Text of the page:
Power system already 70% restored, but weather a big problem, says Ukrenergo

25 November 2022, 04:04 PM
Lviv in the evening of November 23, 2022 (Photo:REUTERS/Pavlo Palamarchuk)

Lviv in the evening of November 23, 2022 (Photo:REUTERS/Pavlo Palamarchuk)

Ukraine’s energy system, creaking from the effects of waves of Russian cruise missiles, was running at 70% capacity as of the morning of Nov. 25, Ukrainian power grid operator Ukrenergo reported on Nov. 25.

And now the country’s power grid faces another relentless foe – the weather.

“Efforts to restore electricity to household consumers continue, although the pace of restoration is slowing down due to difficult weather conditions: strong wind, rain and sub-zero temperatures at night, as well as the damage caused by Russian missiles, icing and broken wires in distribution networks,” Ukrenergo explained.

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“As of 11.00 a.m. (on Nov. 25), electricity producers have provided more than 70% of the country’s consumption needs,” the national power company said.

“Critical infrastructure facilities in all regions have been supplied with power as a priority: boiler houses, gas distribution stations, water canals, sewage treatment plants, also public electric transport has been put back to work in some regions,” Ukrenergo went on.

The country’s nuclear power plants are gaining capacity, and the country’s renewable energy plants are also coming back online.

“Despite the damage caused by the missile attacks, thermal and hydroelectric power plants, thermal power centers are working, part of the ‘green’ energy generation has been put into operation,” Ukrenergo said.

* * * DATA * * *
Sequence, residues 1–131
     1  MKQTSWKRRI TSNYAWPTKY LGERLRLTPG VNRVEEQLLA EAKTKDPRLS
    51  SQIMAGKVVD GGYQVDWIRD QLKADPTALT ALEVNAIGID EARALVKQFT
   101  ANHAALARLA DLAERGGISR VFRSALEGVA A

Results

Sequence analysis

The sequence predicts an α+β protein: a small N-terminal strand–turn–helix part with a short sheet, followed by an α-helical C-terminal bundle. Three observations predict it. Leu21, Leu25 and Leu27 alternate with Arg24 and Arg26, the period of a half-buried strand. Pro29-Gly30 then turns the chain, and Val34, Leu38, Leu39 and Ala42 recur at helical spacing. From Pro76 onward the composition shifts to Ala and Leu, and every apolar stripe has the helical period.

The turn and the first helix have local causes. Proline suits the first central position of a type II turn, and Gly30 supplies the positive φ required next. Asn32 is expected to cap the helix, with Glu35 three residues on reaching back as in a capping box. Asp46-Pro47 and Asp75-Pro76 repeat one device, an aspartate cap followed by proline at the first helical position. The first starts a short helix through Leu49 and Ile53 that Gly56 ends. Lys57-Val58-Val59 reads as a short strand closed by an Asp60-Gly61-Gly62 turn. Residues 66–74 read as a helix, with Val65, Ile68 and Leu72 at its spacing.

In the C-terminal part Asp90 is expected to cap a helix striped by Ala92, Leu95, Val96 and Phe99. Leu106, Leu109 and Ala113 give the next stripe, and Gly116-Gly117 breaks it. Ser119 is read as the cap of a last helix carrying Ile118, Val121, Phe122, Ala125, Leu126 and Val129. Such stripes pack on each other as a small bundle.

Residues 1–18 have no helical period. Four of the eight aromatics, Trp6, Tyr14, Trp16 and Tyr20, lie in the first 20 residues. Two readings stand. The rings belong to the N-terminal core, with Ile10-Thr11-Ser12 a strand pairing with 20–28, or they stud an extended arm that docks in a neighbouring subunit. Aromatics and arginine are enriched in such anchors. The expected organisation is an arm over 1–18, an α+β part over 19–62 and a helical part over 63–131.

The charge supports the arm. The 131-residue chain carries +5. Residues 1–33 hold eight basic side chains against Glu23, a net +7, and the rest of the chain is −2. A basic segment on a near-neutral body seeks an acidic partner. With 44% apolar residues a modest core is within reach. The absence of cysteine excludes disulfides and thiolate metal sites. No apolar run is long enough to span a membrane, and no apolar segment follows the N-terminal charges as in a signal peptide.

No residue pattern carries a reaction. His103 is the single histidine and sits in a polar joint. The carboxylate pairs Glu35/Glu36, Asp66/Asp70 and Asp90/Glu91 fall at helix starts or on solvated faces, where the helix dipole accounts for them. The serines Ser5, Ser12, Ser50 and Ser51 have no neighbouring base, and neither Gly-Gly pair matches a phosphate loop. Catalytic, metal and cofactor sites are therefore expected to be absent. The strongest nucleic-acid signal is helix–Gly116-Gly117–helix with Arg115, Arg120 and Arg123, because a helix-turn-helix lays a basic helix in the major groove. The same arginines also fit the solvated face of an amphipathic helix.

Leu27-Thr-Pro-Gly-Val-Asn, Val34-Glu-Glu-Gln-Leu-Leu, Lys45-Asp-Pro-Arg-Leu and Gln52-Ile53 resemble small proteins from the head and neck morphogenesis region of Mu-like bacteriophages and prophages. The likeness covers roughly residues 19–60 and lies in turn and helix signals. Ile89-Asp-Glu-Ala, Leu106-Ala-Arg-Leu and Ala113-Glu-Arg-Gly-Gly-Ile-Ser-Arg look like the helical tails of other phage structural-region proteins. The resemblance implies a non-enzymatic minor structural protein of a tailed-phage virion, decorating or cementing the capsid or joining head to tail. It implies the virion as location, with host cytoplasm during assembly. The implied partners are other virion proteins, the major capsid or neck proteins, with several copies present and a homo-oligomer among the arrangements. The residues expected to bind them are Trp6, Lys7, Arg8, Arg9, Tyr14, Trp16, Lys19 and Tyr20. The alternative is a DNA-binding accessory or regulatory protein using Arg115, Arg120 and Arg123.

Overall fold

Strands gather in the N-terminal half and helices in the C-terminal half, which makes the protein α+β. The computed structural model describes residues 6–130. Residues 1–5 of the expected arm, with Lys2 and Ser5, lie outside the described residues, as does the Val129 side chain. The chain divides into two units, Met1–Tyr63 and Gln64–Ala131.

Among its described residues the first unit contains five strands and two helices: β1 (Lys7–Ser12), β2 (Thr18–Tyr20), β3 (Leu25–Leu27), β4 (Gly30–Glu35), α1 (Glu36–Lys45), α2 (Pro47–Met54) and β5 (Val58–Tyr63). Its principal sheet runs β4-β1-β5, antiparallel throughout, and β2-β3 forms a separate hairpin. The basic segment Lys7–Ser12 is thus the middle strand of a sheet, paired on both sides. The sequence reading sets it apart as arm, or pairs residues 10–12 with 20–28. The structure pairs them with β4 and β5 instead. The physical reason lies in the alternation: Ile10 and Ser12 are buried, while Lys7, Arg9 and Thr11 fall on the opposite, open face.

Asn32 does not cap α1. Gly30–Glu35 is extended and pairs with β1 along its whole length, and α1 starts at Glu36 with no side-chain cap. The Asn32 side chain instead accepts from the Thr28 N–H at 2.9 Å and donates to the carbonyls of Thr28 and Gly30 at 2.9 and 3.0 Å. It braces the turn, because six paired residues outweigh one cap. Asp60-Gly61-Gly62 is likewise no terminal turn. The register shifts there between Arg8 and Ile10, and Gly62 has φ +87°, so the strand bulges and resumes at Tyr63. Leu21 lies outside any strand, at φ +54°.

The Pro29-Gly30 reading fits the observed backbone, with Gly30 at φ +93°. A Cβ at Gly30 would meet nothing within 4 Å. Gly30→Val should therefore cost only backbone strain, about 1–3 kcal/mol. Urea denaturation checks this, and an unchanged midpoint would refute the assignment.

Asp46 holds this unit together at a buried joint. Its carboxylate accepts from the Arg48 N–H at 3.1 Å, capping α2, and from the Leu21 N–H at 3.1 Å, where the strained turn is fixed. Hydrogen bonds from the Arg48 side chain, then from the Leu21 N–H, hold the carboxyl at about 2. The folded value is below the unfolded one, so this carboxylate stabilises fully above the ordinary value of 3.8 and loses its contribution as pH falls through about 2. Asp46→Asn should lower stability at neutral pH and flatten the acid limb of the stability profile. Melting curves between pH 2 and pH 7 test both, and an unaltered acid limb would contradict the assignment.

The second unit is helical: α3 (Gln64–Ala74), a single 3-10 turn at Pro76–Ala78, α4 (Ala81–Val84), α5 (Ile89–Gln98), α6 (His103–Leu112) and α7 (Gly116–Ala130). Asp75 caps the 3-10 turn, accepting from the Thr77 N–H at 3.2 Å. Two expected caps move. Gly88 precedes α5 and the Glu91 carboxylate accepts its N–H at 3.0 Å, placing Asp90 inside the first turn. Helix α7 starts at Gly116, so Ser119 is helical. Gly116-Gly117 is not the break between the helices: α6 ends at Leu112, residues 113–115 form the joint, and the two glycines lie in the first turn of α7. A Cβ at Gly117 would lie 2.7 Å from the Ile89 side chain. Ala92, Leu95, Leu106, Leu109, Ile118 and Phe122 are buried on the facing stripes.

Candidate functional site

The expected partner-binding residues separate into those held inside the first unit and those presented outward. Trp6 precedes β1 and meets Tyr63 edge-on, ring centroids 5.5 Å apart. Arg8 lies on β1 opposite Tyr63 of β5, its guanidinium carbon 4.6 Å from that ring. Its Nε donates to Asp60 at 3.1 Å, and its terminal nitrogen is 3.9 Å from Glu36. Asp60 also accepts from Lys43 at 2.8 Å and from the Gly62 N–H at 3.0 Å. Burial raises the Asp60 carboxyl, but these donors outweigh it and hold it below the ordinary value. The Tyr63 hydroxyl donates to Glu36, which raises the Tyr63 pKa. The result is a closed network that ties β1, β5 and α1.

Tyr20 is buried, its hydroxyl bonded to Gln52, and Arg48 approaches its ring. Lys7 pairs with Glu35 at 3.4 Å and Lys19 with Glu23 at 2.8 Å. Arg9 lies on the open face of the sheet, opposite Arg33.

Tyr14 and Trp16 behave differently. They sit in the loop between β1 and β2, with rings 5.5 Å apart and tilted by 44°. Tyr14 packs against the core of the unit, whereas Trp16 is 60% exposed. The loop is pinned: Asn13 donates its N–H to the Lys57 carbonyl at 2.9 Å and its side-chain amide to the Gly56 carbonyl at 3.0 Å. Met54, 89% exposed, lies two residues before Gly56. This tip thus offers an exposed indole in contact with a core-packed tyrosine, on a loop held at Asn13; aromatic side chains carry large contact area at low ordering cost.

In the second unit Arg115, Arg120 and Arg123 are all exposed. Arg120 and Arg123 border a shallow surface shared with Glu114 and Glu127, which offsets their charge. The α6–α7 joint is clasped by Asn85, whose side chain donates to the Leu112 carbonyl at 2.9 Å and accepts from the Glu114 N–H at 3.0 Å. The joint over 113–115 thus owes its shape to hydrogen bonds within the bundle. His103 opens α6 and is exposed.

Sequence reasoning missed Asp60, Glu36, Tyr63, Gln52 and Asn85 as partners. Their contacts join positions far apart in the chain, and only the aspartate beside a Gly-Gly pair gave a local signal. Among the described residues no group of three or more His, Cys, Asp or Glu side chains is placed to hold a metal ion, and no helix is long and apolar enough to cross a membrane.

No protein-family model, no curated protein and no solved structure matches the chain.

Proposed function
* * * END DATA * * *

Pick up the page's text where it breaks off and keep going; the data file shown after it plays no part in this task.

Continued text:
Meanwhile, both scheduled and emergency blackouts have been implemented in all regions due to power shortages.

Russia’s latest attack on Ukraine’s civilian infrastructure came on Nov. 23, following two other especially large attacks on Nov. 15 and Oct. 10. The Russian in particular targeted energy infrastructure, electricity distribution nodes, transformers, and the dams of water reservoirs.

Millions of Ukrainians across the country were left without power, water and heating supplies in the wake of the latest missiles attack.

Russia fired 67 cruise missiles and a number of suicide drones at Ukraine. While 51 missiles were shot down, the remainder hit their targets, causing significant further damage to an energy system already reeling from earlier strikes.

The Ukrainian Air Force said 31 missiles from the Russian mass attack were aimed at the Ukrainian capital Kyiv alone, with 21 of them being shot down.

The other missiles struck targets in the city and the surrounding oblast, including a large heat and power generation plant in the south of the city.

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